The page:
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Journal ArticleDOI

Comparing robotic, laparoscopic and open cystectomy: a systematic review and meta-analysis.

31 Mar 2015-Archivio Italiano di Urologia e Andrologia (Arch Ital Urol Androl)-Vol. 87, Iss: 1, pp 41-48
TL;DR: RARC is comparable to LRC with better surgical results than ORC and LRC has better surgical outcomes than OrC.
Abstract: Objective: To conduct a systematic review and meta-analysis comparing outcomes between Open Radical Cystectomy (ORC), Laparoscopic Radical Cystectomy (LRC) and Robot-assisted Radical Cystectomy (RARC). RARC is to be compared to LRC and ORC and LRC compared to ORC. Material and methods: A systematic review of the literature was conducted, collating studies comparing RARC, LRC and ORC. Surgical and oncological outcome data were extracted and a meta-analysis was performed. Results: Twenty-four studies were selected with total of 2,104 cases analyzed. RARC had a longer operative time (OPT) compared to LRC with no statistical difference between length of stay (LOS) and estimated blood loss (EBL). RARC had a significantly shorter LOS, reduced EBL, lower complication rate and longer OPT compared to ORC. There were no significant differences regarding lymph node yield (LNY) and positive surgical margins (PSM.) LRC had a reduced EBL, shorter LOS and increased OPT compared to ORC. There was no significant difference regarding LNY. Conclusion: RARC is comparable to LRC with better surgical results than ORC. LRC has better surgical outcomes than ORC. With the unique technological features of the robotic surgical system and increasing trend of intra-corporeal reconstruction it is likely that RARC will become the surgical option of choice.

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Citations
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Journal ArticleDOI
TL;DR: There was no difference in 5-yr RFS, CSS, and OS rates of patients who underwent ORC, RARC, and LRC for management of bladder cancer, and minimally invasive techniques achieved equivalent oncological outcomes to the gold standard of ORC.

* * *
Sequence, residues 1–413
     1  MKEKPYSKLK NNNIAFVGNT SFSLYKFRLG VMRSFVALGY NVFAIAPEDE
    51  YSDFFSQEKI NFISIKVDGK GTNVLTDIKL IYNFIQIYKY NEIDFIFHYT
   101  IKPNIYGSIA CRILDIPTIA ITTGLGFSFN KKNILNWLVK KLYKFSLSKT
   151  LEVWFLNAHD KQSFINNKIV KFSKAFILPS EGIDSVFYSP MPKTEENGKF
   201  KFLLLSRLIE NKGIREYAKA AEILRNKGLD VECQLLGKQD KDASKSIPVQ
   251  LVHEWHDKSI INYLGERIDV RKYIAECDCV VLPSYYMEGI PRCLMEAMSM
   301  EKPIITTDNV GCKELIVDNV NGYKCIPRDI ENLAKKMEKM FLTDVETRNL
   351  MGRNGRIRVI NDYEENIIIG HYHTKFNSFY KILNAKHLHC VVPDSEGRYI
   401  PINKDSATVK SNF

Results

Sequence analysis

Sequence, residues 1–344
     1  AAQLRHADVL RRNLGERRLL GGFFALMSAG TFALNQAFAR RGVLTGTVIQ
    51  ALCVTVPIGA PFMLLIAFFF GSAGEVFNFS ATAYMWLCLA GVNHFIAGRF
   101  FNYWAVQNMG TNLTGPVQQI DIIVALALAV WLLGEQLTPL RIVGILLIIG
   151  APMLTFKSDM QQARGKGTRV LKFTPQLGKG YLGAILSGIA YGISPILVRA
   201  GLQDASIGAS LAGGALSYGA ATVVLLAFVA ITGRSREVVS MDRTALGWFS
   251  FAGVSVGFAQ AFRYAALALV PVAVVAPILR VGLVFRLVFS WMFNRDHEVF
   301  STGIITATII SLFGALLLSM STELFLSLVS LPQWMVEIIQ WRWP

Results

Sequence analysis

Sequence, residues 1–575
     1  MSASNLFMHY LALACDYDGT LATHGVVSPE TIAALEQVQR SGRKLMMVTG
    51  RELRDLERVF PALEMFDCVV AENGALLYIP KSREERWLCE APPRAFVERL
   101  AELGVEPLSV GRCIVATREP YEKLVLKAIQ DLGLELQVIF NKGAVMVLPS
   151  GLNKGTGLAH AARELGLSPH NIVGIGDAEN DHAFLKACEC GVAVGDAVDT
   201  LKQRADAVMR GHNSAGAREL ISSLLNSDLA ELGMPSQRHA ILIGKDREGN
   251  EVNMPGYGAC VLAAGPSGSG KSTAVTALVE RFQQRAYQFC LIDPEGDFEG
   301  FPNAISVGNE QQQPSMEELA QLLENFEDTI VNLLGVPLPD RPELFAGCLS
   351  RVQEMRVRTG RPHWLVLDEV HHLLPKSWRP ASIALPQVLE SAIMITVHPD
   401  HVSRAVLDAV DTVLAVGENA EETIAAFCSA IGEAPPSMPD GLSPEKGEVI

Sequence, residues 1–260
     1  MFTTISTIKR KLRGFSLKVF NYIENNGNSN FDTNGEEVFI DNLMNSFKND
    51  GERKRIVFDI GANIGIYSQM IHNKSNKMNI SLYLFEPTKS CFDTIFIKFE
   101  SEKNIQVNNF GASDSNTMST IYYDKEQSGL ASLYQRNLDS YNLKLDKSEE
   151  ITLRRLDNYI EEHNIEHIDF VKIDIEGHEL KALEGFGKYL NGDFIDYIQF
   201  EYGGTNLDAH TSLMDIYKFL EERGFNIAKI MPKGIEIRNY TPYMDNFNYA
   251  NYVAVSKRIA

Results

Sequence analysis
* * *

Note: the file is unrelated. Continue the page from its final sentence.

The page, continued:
75 citations

Journal ArticleDOI
07 Nov 2016-PLOS ONE
TL;DR: This study does not provide evidence to support a benefit for RARC compared to ORC in patients with bladder cancer and well-designed trials with appropriate endpoints conducted by equally experienced ORC and RARC surgeons will be needed to address this.
Abstract: Background: The number of robotic assisted radical cystectomy (RARC) procedures is increasing despite the lack of Level I evidence showing any advantages over open radical cystectomy (ORC). However, several systematic reviews with meta-analyses including non-randomised studies, suggest an overall benefit for RARC compared to ORC. We performed a systematic review with meta-analysis of randomised controlled trials (RCTs) to evaluate the perioperative morbidity and efficacy of RARC compared to ORC in patients with bladder cancer. Methods: Literature searches of Medline/Pubmed, Embase, Web of Science and clinicaltrials.gov databases up to 10th March 2016 were performed. The inclusion criteria for eligible studies were RCTs which compared perioperative outcomes of ORC and RARC for bladder cancer. Primary objective was perioperative and histopathological outcomes of RARC versus ORC while the secondary objective was quality of life assessment (QoL), oncological outcomes and cost analysis. Results: Four RCTs (from 5 articles) met the inclusion criteria, with a total of 239 patients all with extracorporeal urinary diversion. Patient demographics and clinical characteristics of RARC and ORC patients were evenly matched. There was no significant difference between groups in perioperative morbidity, length of stay, positive surgical margin, lymph node yield and positive lymph node status. RARC group had significantly lower estimated blood loss (p<0.001) and wound complications (p = 0.03) but required significantly longer operating time (p<0.001). QoL was not measured uniformly across trials and cost analysis was reported in one RCTs. A test for heterogeneity did highlight differences across operating time of trials suggesting that surgeon experience may influence outcomes. Conclusions: This study does not provide evidence to support a benefit for RARC compared to ORC. These results may not have inference for RARC with intracorporeal urinary diversion. Well-designed trials with appropriate endpoints conducted by equally experienced ORC and RARC surgeons will be needed to address this.